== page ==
Update: Two-thirds of Oracle DBAs don't apply security patches

Complexity of task makes admins not want to bother

Oracle Corp. issues dozens of security patches every quarter, but that doesn't mean database administrators are necessarily implementing them.

In fact, a good two-thirds of all Oracle DBAs appear not to be installing Oracle's security patches at all, no matter how critical the vulnerabilities may be, according to survey results from Sentrigo Inc., a Woburn, Mass.-based vendor of database security products.

The results are "surprising, and to be candid, quite frightening," said Mike Rothman, president of consulting firm Security Incite in Atlanta.

Sentrigo polled 305 Oracle database administrators from 14 Oracle user groups between August 2007 and January 2008. The company basically asked the administrators two questions: whether they had installed the latest Oracle patches, and whether they had ever installed any of Oracle's security updates.

The results, which come even as Oracle is scheduled to release its next batch of quarterly Critical Patch Updates tomorrow, showed that 206 out of the 305 surveyed said they had never applied any Oracle CPUs. Just 31 said they had installed the most recent security update from the company. In total, only one-third said they had ever installed an Oracle CPU.

In an e-mailed statement, Oracle said the company "encourages organizations [to] apply Critical Patch Updates in a timely fashion to maintain their security posture."

"Critical Patch Updates for the Oracle Database are cumulative for the patch set to which they apply, making it easier for customers to keep their systems current with the latest security patch updates," the company said.

The results support what Sentrigo has been hearing anecdotally for sometime, said Slavik Markovich, chief technology officer at Sentrigo. "Some database administrators don't even monitor for Oracle's CPUs. They don't even know when the CPUs come out," he said. "Sometimes, even if their security department tells them to deploy it, they just ignore it," he said.

There are two major reasons for the trend, Markovich said. The first and most important is that most DBAs fear the consequences of installing a patch on a running database, he said.

"To apply the CPU, you need to change the binaries of the database," he said. "You change the database behavior in some ways that may affect application performance," he said. So applying security patches to a database typically involves testing them against the applications that feed off the database, he said. "This is a very long and very hard process to do, especially if you are in enterprises with a large number of databases and applications," he said. Applying these patches means months of labor and sometimes significant downtime, both of which most companies can't afford, he said.

Some application vendors also don't certify Oracle patches to run with their applications, Markovich said. As a result, a database administrator might, for instance, be wary of installing a patch on an Oracle database that is being used by a SAP application because that might be grounds for the application vendor to refuse addressing any disruptions to the application, he said.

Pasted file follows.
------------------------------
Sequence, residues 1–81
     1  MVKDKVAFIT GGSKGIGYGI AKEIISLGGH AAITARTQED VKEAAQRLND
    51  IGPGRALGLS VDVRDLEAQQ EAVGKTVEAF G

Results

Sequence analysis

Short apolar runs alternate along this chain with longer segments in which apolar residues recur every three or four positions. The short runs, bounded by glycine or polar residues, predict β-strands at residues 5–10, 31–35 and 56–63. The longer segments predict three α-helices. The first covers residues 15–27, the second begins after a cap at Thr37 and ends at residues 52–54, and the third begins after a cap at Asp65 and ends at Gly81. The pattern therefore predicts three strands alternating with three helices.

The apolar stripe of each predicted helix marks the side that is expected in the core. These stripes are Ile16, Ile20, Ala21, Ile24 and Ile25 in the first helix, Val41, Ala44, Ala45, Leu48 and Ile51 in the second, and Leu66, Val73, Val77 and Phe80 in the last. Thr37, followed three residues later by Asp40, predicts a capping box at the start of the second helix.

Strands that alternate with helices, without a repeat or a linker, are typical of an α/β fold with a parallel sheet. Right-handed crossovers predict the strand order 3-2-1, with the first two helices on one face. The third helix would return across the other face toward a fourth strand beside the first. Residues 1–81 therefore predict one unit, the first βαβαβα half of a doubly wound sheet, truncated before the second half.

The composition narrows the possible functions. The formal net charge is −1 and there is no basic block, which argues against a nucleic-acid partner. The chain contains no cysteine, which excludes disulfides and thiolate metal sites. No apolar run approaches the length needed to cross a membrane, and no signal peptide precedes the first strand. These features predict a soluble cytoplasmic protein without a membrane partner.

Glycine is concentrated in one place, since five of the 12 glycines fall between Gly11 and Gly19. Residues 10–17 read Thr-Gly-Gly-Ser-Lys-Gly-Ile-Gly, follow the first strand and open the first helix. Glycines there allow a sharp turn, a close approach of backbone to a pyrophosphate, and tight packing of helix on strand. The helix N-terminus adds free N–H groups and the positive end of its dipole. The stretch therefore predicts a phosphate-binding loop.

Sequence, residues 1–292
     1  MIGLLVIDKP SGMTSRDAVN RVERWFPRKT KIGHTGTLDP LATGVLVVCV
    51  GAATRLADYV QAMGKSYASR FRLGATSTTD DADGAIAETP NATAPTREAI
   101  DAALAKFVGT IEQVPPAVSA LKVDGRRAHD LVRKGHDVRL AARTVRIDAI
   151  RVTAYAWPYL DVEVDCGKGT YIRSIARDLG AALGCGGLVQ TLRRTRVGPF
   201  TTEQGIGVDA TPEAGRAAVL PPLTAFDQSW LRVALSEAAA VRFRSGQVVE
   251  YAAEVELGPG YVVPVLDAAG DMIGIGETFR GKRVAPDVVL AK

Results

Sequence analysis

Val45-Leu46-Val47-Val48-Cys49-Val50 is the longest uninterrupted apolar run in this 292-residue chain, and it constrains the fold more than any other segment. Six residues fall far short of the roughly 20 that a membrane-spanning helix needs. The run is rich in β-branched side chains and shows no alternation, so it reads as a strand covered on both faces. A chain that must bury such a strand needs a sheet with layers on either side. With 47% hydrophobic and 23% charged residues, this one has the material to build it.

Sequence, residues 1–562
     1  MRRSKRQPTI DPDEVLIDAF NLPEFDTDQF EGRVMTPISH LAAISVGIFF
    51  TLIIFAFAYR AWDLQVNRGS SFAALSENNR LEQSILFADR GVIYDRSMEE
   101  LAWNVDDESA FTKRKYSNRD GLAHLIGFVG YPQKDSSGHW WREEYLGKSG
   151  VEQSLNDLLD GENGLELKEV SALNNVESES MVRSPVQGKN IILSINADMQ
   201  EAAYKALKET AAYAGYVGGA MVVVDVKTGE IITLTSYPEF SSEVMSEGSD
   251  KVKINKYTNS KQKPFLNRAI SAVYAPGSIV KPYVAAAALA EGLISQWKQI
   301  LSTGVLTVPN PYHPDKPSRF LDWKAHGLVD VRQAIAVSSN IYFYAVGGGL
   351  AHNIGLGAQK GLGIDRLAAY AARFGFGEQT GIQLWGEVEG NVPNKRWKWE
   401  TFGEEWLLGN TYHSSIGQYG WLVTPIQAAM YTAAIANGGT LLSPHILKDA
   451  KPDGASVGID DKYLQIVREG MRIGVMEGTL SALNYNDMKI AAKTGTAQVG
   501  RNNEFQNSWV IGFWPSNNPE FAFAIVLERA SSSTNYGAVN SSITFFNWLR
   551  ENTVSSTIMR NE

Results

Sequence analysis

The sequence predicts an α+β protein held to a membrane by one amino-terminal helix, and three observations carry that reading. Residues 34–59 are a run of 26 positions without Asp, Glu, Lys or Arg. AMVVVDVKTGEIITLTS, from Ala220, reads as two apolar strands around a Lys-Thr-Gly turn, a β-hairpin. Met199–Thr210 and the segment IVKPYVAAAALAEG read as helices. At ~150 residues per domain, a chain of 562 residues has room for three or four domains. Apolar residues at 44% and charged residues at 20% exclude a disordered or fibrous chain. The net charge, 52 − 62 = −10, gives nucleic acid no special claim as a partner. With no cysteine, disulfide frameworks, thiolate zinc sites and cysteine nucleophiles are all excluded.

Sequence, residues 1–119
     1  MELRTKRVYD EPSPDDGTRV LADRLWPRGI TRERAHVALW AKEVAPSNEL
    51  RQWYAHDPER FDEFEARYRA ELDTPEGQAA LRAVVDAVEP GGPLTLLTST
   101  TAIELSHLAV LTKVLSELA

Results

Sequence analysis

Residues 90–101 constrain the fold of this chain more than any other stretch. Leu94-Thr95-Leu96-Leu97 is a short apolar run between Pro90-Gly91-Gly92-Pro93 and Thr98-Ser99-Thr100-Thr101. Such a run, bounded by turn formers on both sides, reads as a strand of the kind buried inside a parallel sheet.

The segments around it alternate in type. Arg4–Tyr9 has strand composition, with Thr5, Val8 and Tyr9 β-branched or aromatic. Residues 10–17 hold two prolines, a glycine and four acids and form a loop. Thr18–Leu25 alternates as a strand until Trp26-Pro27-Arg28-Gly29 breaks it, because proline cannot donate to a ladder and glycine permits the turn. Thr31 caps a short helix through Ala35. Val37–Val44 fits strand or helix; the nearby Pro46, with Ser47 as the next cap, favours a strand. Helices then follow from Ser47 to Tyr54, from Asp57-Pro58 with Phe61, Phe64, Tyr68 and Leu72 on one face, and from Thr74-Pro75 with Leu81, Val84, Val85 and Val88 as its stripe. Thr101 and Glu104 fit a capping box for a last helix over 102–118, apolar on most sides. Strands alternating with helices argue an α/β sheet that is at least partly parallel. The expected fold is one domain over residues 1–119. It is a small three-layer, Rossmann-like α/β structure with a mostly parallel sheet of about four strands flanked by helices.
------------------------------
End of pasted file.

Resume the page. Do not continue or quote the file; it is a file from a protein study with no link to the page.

Another problem is that companies that want to install the most recent Oracle patches need to first ensure that they have already installed the previous patch set, Markovich said. So companies that fail to keep up with the latest patches keep falling further behind with each patch set release, he said.

The consequences of companies failing to install needed security updates can be severe, Rothman said. While the numbers quoted in the Sentrigo survey seem to be surprisingly high, it's important not to get hung up on the statistics, he said.

"The real message here is that people who are in charge of operating systems and even applications have gotten conditioned into paying attention to updating their systems fairly soon after a patch or a fix comes out," Rothman said. In contrast, many database administrators continue to drag their feet when it comes to implementing needed security fixes, he said.

To a certain extent, it is harder for database administrators to apply a security update to their environment compared to an application or an operating system environment, Rothman said. Even so, database administrators need to schedule maintenance times and implement change control processes to mitigate disruption from patching, he said. Relying on compensating controls, such as tools from security vendors, can help delay the need for patching, he said. But ultimately, companies need to install security patches, he said.

Amichai Shulman, chief technology officer at database security vendor Imperva Inc. in Foster City, Calf., expressed surprise that so many DBAs in the Sentrigo survey claimed not to have ever applied Oracle CPUs. While the number seems overly high, the fact remains that many database administrators do put off implementing Oracle patches because of the complexity involved, Shulman said.

"I understand the delays. Having installed Oracle patches myself, I know the excruciating pain involved. The process is manual and not very straightforward at all," he said. One reason why so many administrators in the survey said they had not implemented Oracle CPUs is because they might have chosen simply to keep moving to newer versions of the operating system periodically instead of applying large patch sets, he said.

Oracle was not immediately available for comment.

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